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Responsibilities of Graduate Admissions Committees

Faculty and university goals for access, opportunity, and excellence in graduate education are strongly impacted by the work of faculty serving on graduate admissions committees. In evaluating applications and making admissions recommendations on behalf of their programs and the Rackham Graduate School, graduate faculty are responsible for:

  1. Safeguarding the privacy of student information in admissions applications
  2. Understanding the role of Michigan’s Proposal 2 in admissions decisions
  3. Using holistic admissions practices to admit graduate cohorts that are both excellent and broadly diverse

Safeguarding the Privacy of Student Information in Admissions Applications

While serving on graduate admissions committees, you will have access to confidential admissions files that contain sensitive information about prospective students, including grades, academic records, and demographic data. These files may also include information about prospective students’ race, ethnicity, gender, age, marital status, veteran status, disability status, etc. It is imperative to maintain ethical and professional standards when reviewing applications, including safeguarding student privacy. You should refrain from disclosing the contents of application files outside the graduate admissions committee or from discussing, both in committee meetings and in the documentation of committee review of an individual applicant or pool of applicants, personal information about applicants that is irrelevant to the criteria for admission.

Your actions on a graduate admissions committee are governed by the Family Educational Rights and Privacy Act (FERPA), a federal law that protects the privacy of student education records, including graduate admissions. Please be reminded that admitted students have a right of access to their records, including admissions files.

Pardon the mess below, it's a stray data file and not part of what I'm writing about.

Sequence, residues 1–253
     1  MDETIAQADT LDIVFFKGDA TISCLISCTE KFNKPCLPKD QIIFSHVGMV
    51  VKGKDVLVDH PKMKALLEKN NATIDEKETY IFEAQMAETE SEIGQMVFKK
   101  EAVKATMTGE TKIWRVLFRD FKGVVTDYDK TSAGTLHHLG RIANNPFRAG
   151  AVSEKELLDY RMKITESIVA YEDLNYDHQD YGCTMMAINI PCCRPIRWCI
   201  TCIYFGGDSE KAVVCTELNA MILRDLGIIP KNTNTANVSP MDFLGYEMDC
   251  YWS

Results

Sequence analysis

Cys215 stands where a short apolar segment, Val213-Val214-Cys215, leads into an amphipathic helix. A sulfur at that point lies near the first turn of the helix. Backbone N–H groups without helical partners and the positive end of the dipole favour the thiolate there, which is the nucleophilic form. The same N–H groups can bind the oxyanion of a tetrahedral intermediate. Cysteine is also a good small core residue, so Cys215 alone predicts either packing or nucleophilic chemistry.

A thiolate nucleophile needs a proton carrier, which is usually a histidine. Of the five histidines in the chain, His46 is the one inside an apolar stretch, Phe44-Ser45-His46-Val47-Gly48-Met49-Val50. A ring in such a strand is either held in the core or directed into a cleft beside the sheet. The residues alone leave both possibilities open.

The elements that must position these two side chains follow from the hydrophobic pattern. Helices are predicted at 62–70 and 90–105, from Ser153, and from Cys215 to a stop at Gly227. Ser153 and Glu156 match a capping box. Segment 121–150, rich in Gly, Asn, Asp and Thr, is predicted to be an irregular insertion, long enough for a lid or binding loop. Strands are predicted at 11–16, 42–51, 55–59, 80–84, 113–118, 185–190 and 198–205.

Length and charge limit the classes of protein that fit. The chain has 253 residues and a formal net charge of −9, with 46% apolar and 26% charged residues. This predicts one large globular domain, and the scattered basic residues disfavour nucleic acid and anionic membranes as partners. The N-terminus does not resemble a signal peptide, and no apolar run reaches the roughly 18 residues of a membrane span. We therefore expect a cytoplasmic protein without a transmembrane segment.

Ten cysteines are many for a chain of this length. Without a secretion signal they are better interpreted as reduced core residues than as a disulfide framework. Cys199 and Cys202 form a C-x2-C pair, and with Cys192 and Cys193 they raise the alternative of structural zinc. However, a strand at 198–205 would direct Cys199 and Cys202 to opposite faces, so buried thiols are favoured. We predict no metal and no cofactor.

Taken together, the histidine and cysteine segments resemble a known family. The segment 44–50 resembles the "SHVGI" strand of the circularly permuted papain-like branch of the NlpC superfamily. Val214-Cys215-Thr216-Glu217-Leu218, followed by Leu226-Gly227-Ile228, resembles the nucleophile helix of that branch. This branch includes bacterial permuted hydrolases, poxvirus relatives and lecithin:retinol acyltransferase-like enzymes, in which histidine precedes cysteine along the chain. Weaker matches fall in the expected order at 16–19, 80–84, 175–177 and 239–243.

To learn more about graduate faculty responsibilities regarding FERPA compliance, Rackham recommends that you complete the university’s online FERPA training course, which is now included as part of some faculty orientations on campus. U-M Information and Technology Services (ITS) has also developed a safe computing guide for how to protect sensitive student data.

Understanding the Role of Michigan’s Proposal 2 in Admissions Decisions

While serving on graduate admissions committees, graduate faculty are obligated to understand and comply with state and federal law as you seek to admit graduate students who contribute to both the excellence and diversity of our graduate programs.

Michigan’s Proposal 2 was adopted by the state’s voters in 2006. This constitutional amendment prohibits public colleges and universities in Michigan from discriminating against or giving preferential treatment to groups or individuals based on their race, gender, color, ethnicity, or national origin in public education, public employment, or public contracting. The scope of the recent Supreme Court SFFA decision focuses only on the use of race and ethnicity in admissions. For this reason, the university’s existing practices for complying with Proposal 2 are already in compliance with this Supreme Court decision.